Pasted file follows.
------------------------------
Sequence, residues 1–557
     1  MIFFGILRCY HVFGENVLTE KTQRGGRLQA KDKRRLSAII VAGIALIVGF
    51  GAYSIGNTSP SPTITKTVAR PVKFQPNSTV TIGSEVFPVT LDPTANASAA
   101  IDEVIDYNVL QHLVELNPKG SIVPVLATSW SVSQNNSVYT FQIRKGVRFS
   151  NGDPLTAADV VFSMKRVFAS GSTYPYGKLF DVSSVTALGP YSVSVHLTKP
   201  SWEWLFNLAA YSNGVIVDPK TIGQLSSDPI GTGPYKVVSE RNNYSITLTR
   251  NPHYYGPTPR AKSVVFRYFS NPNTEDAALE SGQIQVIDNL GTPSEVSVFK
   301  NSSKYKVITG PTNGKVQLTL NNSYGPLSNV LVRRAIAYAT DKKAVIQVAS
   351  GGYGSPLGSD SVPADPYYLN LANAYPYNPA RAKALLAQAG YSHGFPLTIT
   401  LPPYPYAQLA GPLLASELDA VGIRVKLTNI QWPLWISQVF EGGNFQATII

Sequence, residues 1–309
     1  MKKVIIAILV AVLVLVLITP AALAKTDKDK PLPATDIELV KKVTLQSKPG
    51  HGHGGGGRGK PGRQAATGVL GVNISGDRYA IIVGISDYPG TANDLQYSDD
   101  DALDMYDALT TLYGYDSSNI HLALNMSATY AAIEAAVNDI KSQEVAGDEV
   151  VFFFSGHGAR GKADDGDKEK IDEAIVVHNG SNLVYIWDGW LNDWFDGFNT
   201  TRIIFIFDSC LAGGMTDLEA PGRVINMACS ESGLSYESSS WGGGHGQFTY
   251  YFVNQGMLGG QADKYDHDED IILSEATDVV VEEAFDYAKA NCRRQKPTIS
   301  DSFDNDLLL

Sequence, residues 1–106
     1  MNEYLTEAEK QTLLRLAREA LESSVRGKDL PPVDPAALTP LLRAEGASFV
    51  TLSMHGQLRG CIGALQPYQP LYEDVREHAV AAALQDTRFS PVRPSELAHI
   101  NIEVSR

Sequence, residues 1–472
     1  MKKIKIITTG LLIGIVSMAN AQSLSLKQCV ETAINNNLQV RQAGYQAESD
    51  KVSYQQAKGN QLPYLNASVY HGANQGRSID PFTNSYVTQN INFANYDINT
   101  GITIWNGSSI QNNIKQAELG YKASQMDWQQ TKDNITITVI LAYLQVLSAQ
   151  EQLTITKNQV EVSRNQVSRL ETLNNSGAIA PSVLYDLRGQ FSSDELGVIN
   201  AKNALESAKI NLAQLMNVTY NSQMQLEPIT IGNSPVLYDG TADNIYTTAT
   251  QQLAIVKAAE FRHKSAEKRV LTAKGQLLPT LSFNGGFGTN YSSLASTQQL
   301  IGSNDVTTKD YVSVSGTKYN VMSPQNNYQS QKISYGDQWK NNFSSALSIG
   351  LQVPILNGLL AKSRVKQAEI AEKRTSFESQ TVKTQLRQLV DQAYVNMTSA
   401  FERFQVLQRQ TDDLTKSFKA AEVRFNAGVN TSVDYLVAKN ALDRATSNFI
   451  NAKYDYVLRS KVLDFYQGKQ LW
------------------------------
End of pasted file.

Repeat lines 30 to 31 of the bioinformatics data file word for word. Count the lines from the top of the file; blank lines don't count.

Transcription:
   301  IGSNDVTTKD YVSVSGTKYN VMSPQNNYQS QKISYGDQWK NNFSSALSIG
   351  LQVPILNGLL AKSRVKQAEI AEKRTSFESQ TVKTQLRQLV DQAYVNMTSA